Celtic manager Neil Lennon will introduce stricter rules for his players after Aberdeen were struck by coronavirus controversy.
The Dons' Scottish Premiership clash against St Johnstone has been postponed after two players caught Covid-19 and six others were instructed to self-isolate following a mass trip to a pub.
Asked about the limits on his own players, who face Kilmarnock tomorrow, Lennon said: "I know a few of them have been in restaurants and adhering to the protocols of said establishment. After what's happened, I think we will have to nip all that in the bud.
"If we want to extend the season then we will have to follow really strict guidelines and probably go back to the way it was before in terms of just training, then home, maybe walk to the shop, get provisions and go home again.
"Both in terms of the players and my staff and myself, we have to be really strict now."
Motherwell boss Stephen Robinson, whose men face Dundee United today, had sympathy for Aberdeen counterpart Derek McInnes.
"We test two or three times a week, we do more than any other people in society, more than the NHS, they are getting tested with symptoms, we constantly test and have protocols in place," he said.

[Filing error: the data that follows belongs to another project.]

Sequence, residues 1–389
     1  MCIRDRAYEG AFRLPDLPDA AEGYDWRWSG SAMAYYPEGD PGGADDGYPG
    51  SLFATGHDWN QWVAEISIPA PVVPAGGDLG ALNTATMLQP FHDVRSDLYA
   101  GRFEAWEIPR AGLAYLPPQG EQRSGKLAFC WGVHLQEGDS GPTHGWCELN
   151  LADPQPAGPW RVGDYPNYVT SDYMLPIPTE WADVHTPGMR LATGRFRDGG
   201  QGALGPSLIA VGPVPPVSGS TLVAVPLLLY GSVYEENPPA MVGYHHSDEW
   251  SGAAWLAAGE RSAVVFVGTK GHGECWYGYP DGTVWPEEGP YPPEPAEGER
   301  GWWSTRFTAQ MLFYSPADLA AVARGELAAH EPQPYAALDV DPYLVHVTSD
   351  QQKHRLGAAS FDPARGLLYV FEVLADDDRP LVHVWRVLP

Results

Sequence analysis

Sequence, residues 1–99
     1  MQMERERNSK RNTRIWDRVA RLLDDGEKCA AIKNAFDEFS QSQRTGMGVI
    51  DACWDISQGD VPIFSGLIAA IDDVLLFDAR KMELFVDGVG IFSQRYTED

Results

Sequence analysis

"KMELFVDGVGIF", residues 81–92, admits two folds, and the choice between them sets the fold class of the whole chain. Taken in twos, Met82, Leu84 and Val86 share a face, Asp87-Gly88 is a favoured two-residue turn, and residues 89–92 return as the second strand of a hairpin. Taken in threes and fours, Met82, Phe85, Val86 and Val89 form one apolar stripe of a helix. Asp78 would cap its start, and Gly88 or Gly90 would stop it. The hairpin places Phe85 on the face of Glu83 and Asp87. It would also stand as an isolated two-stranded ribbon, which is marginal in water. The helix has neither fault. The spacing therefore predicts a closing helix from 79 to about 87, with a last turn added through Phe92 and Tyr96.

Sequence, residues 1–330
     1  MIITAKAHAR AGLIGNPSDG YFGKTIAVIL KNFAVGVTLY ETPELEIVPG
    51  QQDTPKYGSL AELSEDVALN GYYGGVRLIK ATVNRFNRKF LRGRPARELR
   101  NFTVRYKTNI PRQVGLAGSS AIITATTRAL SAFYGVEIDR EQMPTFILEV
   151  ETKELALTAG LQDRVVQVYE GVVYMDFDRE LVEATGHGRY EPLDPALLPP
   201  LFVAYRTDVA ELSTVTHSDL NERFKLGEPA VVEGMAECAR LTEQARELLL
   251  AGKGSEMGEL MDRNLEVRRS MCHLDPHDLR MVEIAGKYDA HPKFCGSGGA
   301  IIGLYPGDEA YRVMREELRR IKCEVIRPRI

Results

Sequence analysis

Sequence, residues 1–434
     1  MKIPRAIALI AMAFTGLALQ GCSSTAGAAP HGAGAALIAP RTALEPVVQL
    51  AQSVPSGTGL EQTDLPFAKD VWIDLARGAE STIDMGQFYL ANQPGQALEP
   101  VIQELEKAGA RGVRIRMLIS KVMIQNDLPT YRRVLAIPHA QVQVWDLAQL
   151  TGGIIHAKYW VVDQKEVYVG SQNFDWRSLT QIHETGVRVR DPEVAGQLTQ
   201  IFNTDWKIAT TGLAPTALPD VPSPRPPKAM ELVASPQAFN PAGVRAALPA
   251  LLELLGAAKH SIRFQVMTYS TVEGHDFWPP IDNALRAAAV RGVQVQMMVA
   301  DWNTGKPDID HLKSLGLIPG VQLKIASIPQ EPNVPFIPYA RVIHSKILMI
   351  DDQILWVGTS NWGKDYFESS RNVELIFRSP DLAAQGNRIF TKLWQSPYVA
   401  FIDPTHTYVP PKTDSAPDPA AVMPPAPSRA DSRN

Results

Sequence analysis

"Unfortunately we can't control what people really do outside of football.
"We are trying our very best to control them but young boys go for coffee and things like that, it's very hard to control.
"I genuinely believe Scottish football is doing everything in its power to make sure protocols are followed. We remind them constantly, my messages are clear.
"There's going to be people testing positive throughout the season, there is no doubt about that, and we have to manage it."
Kilmarnock manager Alex Dyer held a meeting with his squad to remind them of their responsibilities.
"We get tested twice a week - but it's no good that happening and then the players going out in public mixing with other people who have not been tested," he added. "You have to be careful.
"When I addressed my players I told them they may be going out for a meal with their wives, which is nice. But not to a bar.
"You can't be going into public as a group. As young men going to a bar, you know what happens. You laugh, you joke, you drink. People come up to you."